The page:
FEVR is a rare hereditary ophthalmic disease with obvious genetic and phenotypic heterogeneity. Because of this heterogeneity, the relationship between the causative gene and the clinical characteristics is unclear. To our knowledge, there are many reports of pathogenic point variations associated with FEVR but comparatively few reports of deletion mutations. In addition, few reports include measurements of FEVR severity in patients with different types of genetic variants. In this study, we mainly focused on two FEVR families with deletion variants and describe their genotype–phenotype correlations. Two novel pathogenic deletion variants in two different genes (LRP5, c.4053DelC (p.Ile1351IlefsX88) and TSPAN12, EX8Del) were detected using targeted NGS. These two mutations are not recorded in all public mutations databases (dbSNP, EXAC, and ESP6500). The LRP5 gene, encoding a transmembrane low-density lipoprotein receptor, is a coreceptor involved in the canonical Wnt and/or Norrin/b-catenin pathway signaling network which plays a vital role in vascular development [29,30]. LRP5 mutations are reported to contribute 12–25% of FEVR. In this study, two out of ten families have pathogenic genetic variants in LRP5, a proportion which is consistent with past studies [29,31]. A novel pathogenic heterozygous frame-shift variant in LRP5, c.4053 DelC was detected in the affected patients from family A but not in the 256 in-house controls. Furthermore, it has been reported that the transcript would be degraded if the stop codon was located >50–54 bp away from the beginning of the final exon [32]. LRP5 has 23 exons, and c.4053 DelC, which located on exon 19, is more than 54 bp from the beginning of exon 23. Accordingly, as a new stop codon, c.4053 DelC would lead to degradation of LRP5 mRNA. Based on the type of mutation and clinical features, it was presumed that the heterozygous frame-shift variation in LRP5, c.4053 DelC is causative of FEVR.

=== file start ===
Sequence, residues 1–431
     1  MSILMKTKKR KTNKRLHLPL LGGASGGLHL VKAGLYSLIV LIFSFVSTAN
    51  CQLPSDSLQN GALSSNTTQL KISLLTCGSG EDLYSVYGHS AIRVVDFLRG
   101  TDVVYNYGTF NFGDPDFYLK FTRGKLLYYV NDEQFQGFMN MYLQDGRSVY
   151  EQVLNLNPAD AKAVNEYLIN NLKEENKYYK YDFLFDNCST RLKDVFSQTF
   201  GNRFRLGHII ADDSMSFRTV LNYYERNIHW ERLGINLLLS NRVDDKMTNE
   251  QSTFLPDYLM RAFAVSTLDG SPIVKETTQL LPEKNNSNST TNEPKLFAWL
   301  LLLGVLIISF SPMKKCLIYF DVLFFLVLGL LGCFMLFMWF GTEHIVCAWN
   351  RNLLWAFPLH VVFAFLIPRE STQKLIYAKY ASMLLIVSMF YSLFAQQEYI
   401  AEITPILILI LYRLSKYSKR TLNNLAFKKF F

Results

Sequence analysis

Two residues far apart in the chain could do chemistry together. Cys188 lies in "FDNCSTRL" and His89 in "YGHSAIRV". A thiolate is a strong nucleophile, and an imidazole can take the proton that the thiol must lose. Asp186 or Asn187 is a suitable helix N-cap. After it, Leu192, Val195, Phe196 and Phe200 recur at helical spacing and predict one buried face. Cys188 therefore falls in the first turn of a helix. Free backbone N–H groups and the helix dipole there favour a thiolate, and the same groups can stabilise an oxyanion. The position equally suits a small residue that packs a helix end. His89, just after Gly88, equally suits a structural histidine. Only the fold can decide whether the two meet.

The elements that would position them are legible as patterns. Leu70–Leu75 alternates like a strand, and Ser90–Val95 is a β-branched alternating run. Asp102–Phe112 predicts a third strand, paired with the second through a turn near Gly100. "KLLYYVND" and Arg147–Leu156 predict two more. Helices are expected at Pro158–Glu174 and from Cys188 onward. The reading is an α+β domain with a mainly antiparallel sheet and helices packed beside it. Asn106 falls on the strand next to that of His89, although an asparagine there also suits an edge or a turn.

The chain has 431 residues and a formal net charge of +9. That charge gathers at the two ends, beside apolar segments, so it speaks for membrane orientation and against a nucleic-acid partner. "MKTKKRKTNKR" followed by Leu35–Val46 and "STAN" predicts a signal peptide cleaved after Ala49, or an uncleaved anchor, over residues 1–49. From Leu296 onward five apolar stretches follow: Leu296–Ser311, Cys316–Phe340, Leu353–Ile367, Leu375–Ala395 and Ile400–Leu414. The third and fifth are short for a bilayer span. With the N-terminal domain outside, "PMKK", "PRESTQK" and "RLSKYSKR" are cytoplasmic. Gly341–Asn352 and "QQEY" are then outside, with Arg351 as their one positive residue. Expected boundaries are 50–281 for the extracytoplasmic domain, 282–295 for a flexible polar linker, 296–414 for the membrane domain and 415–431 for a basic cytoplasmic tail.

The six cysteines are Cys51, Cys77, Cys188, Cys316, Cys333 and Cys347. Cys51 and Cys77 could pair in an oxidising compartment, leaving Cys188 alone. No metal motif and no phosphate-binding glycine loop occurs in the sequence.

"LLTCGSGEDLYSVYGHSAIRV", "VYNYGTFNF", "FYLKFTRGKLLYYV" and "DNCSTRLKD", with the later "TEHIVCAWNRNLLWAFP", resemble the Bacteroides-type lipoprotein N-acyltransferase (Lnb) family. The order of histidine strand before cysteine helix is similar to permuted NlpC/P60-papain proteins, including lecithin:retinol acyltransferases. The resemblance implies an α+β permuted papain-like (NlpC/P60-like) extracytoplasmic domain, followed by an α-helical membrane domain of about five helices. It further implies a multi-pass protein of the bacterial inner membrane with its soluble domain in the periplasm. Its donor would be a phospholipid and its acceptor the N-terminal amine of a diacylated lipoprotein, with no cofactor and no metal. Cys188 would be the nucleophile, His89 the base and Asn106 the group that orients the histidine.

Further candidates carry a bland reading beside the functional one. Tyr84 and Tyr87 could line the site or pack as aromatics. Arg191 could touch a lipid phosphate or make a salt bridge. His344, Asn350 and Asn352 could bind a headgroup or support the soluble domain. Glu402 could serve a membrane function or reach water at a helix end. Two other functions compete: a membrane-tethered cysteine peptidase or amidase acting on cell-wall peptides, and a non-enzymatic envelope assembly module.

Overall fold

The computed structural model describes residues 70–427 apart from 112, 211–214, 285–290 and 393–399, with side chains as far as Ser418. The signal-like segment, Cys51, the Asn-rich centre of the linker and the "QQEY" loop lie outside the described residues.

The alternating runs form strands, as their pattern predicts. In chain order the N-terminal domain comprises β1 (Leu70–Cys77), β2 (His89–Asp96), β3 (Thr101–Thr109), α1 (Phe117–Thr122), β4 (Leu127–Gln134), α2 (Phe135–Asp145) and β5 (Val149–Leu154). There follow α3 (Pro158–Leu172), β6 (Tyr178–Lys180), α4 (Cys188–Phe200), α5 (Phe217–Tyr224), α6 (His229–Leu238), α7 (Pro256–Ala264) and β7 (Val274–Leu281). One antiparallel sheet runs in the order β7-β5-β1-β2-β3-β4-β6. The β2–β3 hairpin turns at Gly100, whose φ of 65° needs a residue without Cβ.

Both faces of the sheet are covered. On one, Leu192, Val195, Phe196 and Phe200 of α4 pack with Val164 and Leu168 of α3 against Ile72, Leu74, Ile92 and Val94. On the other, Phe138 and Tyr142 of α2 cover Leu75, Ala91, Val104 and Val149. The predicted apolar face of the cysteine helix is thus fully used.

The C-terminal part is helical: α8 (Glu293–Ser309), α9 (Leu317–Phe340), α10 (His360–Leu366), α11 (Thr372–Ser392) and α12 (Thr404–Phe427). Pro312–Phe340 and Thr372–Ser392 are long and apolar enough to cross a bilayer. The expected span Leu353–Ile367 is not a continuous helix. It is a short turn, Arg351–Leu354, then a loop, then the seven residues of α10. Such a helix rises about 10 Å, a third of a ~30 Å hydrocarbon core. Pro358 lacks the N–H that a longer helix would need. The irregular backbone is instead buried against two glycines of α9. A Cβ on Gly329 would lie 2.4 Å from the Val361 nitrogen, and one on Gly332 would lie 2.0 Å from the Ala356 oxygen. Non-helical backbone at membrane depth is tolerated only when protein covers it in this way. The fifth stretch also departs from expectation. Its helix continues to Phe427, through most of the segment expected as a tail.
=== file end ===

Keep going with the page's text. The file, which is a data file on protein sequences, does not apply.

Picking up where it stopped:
The TSPAN12 protein is a member of the tetraspanin family and is required for Norrin-induced β-catenin signaling transduction and regulation [33]. It accounts for 3% to 10% of the mutation frequencies of FEVR [31]. Recent research has reported that deletions in exon 4 of TSPAN12 can result in FEVR, and large TSPAN12 deletions were more common than single nucleotide variants [14]. In the current study, large TSPAN12 deletions in exon 8 were detected in the patients from family B and were cosegregated with the expected phenotype within the families, though further investigation is required to evaluate the functional significance of this sequence change.